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Do humans dream of electric sheep?

Invisible Landscapes

Talk

Monday 25 February 2019
6.30 — 8pm

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Part of our

Invisible Landscapes

events programme
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'The Value in the Virtual': the home (an ordinary home)

Image courtesy of Space Popular

How could virtual reality and the spaces it creates change our relationship to labour? In this panel discussion, we ask designers and academics to imagine the future of work in a world where virtual environments dominate.

In today’s cultural context, most visions of the future engage with the idea of virtual environments. Whether they’re seen as an inevitable part of our lives, or as passing technological developments that will lead to other equally interesting changes, it is difficult to question the relevance of virtual reality in contemporary culture.

While this talk is inspired by sci-fi futures reminiscent of Philip K. Dick’s seminal work, Do Androids Dream of Electric Sheep? – where all work is done by compliant androids and humans are free to retreat to a life of permanent leisure in virtual reality – our panellists will consider scenarios where labour remains very much a human concern. Thus, we will invite designers and theoreticians to envision a version of the future where virtual environments are the norm and part of the daily working lives of at least some groups within society.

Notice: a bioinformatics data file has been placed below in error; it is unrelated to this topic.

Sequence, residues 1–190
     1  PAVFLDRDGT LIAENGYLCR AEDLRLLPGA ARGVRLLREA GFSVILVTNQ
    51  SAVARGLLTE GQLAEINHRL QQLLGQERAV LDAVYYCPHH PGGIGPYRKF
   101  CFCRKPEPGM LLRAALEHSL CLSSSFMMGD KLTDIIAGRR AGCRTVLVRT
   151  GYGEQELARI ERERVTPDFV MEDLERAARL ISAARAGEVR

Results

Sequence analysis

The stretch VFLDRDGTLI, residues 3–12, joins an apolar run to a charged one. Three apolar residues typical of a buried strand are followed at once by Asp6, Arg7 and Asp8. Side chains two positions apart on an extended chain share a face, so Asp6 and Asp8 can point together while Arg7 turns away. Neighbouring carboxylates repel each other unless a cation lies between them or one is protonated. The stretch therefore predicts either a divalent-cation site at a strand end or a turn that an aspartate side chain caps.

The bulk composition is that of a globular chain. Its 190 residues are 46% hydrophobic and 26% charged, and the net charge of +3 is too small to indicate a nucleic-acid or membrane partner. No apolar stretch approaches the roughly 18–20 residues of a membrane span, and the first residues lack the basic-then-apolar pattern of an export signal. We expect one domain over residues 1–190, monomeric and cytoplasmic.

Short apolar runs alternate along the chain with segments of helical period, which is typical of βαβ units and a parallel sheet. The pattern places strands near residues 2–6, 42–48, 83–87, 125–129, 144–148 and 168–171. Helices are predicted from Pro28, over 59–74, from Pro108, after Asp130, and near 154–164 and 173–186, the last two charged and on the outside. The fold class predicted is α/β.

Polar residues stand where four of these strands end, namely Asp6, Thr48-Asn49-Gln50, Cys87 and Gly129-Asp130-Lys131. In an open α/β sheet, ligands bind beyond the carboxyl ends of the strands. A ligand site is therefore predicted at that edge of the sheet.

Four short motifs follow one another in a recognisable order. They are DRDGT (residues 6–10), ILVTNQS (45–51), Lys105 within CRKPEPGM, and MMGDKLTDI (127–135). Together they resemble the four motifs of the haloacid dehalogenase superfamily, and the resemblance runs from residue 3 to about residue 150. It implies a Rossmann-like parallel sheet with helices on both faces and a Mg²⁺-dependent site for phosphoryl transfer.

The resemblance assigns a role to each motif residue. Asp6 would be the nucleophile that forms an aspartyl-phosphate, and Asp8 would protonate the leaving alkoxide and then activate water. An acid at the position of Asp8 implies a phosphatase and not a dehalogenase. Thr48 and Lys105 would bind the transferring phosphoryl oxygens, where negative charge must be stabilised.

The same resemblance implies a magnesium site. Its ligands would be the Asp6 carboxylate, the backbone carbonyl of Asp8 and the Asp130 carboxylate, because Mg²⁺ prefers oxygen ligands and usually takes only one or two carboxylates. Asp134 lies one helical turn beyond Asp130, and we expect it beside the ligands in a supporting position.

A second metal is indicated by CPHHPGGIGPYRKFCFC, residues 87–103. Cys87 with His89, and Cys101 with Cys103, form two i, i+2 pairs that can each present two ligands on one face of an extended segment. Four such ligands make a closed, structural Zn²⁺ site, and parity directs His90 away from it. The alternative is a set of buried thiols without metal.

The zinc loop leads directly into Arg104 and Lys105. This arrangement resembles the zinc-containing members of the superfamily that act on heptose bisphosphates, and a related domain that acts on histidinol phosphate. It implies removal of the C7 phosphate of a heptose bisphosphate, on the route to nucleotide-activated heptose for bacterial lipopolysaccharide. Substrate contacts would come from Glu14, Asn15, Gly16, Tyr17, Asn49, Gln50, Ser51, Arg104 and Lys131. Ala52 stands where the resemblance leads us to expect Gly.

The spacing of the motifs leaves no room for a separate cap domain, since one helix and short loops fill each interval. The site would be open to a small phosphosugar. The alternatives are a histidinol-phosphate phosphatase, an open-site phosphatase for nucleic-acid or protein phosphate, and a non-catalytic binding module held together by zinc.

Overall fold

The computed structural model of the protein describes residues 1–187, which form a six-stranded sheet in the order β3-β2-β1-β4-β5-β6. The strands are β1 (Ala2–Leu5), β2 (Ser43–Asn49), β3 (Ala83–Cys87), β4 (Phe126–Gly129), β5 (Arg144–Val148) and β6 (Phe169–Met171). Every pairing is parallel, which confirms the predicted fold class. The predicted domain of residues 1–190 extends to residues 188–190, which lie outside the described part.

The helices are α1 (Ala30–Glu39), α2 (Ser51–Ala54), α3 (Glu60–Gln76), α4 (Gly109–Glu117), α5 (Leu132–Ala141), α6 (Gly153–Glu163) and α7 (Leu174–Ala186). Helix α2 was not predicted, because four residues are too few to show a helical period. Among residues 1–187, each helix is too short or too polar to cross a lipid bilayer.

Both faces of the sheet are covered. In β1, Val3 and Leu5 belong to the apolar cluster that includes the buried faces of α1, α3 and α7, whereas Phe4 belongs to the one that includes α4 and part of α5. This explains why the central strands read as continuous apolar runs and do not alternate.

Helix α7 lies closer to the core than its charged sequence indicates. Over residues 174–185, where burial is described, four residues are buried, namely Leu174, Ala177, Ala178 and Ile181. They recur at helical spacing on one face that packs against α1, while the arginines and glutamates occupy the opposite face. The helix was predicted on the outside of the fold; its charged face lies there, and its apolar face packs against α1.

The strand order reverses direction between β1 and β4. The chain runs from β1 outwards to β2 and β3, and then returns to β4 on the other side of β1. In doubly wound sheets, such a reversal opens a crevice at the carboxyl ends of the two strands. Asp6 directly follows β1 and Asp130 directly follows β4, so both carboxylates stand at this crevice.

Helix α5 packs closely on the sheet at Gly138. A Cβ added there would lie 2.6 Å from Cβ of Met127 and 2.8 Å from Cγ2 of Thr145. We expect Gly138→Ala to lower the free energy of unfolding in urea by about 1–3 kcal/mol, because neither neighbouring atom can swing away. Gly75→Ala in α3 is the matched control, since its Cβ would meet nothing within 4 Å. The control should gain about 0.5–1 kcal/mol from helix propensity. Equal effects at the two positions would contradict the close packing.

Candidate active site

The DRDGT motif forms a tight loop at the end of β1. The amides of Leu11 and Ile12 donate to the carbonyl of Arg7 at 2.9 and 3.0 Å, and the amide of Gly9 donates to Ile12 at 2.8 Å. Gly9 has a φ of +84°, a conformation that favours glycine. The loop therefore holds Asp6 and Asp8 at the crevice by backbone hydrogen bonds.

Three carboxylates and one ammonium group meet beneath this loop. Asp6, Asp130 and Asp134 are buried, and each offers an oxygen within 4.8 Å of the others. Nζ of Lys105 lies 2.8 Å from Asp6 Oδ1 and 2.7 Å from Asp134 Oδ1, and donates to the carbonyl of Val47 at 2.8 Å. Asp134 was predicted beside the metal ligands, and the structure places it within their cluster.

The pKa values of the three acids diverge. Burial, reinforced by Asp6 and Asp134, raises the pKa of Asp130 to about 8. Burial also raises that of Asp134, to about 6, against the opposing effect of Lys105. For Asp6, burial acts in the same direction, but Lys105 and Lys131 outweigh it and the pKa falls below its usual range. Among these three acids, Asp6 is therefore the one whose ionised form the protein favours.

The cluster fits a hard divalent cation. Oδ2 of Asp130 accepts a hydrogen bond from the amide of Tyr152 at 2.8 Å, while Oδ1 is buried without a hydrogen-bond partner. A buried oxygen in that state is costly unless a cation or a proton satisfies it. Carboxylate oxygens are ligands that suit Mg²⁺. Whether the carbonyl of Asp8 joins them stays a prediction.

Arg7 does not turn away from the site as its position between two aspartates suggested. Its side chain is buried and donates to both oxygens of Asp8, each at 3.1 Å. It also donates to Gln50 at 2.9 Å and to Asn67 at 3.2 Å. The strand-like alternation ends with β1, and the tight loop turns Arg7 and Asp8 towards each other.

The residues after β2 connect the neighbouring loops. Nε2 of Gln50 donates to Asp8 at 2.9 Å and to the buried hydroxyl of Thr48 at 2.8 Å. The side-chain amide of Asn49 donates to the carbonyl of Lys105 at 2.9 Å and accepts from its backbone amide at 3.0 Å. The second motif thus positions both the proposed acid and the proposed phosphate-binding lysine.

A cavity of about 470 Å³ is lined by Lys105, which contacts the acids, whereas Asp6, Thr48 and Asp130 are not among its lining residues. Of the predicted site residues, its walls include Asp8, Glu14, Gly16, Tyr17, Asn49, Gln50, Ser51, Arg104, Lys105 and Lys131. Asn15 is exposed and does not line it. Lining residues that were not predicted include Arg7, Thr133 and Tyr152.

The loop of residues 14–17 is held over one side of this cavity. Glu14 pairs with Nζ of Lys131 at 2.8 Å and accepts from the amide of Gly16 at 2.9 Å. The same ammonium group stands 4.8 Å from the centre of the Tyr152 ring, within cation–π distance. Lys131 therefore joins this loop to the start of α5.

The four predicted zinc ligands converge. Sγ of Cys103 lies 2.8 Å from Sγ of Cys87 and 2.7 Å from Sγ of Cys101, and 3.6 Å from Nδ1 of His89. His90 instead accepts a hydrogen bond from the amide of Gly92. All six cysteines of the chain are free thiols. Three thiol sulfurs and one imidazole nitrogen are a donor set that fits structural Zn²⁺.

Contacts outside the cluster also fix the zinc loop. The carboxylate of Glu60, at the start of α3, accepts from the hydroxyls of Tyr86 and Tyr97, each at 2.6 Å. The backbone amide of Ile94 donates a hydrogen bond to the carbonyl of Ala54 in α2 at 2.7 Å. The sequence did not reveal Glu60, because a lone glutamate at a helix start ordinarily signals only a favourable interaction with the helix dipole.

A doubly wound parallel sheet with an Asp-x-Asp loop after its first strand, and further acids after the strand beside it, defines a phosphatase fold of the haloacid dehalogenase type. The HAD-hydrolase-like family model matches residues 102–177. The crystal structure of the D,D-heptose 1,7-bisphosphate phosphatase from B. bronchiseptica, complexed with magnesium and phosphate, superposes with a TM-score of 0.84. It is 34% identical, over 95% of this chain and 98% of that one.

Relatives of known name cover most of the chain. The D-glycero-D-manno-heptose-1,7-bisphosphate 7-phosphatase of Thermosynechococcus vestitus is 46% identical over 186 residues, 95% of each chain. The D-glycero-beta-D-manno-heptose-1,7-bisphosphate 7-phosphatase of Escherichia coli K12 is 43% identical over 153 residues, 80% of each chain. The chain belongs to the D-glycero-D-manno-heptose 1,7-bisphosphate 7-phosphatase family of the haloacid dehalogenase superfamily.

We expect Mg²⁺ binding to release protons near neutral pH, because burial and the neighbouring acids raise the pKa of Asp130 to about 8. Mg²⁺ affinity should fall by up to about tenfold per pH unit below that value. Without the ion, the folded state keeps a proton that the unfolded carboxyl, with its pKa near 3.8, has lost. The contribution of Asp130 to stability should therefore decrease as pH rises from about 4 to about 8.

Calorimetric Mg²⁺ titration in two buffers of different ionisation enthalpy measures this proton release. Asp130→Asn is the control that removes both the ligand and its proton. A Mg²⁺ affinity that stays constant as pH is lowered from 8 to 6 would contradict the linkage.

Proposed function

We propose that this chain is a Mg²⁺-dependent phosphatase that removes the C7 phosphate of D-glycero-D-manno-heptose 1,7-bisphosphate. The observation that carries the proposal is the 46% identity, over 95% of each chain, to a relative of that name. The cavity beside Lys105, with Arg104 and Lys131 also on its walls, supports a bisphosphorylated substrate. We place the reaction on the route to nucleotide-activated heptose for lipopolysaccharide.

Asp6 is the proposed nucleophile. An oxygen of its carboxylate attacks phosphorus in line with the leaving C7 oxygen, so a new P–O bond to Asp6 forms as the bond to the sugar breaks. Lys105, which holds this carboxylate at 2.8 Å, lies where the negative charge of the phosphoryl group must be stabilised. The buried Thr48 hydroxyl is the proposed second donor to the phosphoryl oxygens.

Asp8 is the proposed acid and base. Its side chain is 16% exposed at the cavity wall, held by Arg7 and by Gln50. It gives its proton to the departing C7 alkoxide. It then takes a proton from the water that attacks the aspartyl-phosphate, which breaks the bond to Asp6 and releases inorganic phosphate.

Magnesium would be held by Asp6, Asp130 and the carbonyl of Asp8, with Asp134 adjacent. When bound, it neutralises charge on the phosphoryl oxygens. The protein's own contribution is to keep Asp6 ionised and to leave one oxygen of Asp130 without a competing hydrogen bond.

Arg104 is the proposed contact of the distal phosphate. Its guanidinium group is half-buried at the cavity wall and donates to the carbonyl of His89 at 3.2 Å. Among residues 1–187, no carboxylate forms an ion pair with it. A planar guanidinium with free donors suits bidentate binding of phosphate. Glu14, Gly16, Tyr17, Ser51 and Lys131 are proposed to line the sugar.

They’ll also discuss how the prevalence of virtual reality could transform the ways in which we work and the spaces in which that work takes place. What will the role of the architect be in designing these spaces, considering that today virtual reality environments are more often than not created by video game designers?

Speakers:

Mercedes Bunz is the Senior Lecturer in Digital Society at the Department of Digital Humanities, King’s College London. Her research explores how digital technology transforms knowledge and with it, power. She is a member of the Interdisciplinary Network for the Critical Humanities Terra Critica and co-founder of the open access publishing house, meson press, which publishes research on digital cultures and networked media.

Lara Lesmes and Fredrik Hellberg co-founded Space Popular in Bangkok in 2013. They have completed built projects in Asia and in Europe and in the fall of 2016 they launched Tools for Architecture at the Architectural Association in London where they are unit masters (MA design tutors) of Intermediate One.

Carlos Bausa Martinez is an architect specialised in parametric design and digital fabrication and is currently working as Environmental Design Analyst at the Specialist Modelling Group at Foster and Partners. In parallel he runs Wild Design Studio, a London’s based design lab that works in the intersection between Architecture, Virtual Art and Industrial design together with his wife Dirce Medina.

Helen Ikla (chair) is the Architecture programme and Awards manager at the Royal Academy of Arts.

● Fully booked

● Cancelled

Monday 25 February 2019

6.30 — 8pm

The Benjamin West Lecture Theatre, Burlington Gardens, Royal Academy of Arts

£15, £9

Book now